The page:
Shawn Woods knaps a Hohokam-style arrowhead from a bottle that formerly housed Johnnie Walker Blue scotch whisky. This is a premium arrowhead!
Johnnie Walker Blue is among the world’s elites when it comes to premier scotch. The bottles are even collectible. But to Shawn Woods, they provide source material for knapping arrowheads.
Woods knaps a Hohokam style arrowhead from the bottle. The Hohokam were a prehistoric culture that thrived in the Sonoran desert region of southern Arizona from around 300 b.c. to about 1450 a.d..
This style of arrowhead is long and comes to a narrow, sharp point. About two-thirds of the way down the arrowhead the edges of the point are highly serrated, and the base is crescent shaped.
It’s not as complicated to knap as it might seem, and Woods does a beautiful job, producing a fine and elegant glass arrowhead.
He says that the reason he makes so many videos showing the knapping of arrowheads from diverse materials is because not everyone has access to obsidian or flint, the stones traditionally used in knapping. By using various glass, porcelain and other manmade sources he is demonstrating that knapping can be accomplished using commonly found materials.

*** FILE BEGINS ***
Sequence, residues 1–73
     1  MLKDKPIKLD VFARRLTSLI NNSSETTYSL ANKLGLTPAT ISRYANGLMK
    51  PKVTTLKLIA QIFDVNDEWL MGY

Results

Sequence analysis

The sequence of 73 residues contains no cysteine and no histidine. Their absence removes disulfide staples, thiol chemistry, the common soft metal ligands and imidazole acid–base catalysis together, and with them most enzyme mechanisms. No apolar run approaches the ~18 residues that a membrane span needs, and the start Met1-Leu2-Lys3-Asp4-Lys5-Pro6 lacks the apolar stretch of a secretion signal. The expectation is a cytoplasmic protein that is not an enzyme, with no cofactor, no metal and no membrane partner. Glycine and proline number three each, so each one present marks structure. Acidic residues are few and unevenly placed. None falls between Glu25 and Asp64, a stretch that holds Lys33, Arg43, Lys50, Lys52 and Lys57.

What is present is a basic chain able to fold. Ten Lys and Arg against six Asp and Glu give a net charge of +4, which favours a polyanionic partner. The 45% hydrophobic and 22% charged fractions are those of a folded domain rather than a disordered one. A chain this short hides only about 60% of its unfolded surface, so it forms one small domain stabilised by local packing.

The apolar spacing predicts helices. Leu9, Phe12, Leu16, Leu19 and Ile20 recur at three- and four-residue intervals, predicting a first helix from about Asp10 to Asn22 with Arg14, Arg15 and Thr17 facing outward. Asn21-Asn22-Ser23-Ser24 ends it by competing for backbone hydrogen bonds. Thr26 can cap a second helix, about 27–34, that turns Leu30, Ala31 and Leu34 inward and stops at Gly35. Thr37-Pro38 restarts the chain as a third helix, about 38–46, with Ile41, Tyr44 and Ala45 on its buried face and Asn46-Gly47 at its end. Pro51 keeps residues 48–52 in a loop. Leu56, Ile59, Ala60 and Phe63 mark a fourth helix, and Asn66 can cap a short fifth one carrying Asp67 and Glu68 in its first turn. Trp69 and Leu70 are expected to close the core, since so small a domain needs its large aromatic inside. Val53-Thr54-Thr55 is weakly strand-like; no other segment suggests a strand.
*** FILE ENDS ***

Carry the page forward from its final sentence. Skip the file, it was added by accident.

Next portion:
He uses three or four primitive tools to accomplish the task: a hammerstone, a deer antler bopper, an antler pressure flaker and an elk leg bone pressure flaker for fine, detailed work. It’s really pretty amazing that he can craft such a refined point using a minimum of natural tools.
It speaks to his skill and all of the hours he’s put in in increasing his knapping expertise, yet he maintains that he too still accidentally breaks or shatters the occasional arrowhead.
Like what you see here? You can read more great articles by David Smith at his facebook page, Stumpjack Outdoors.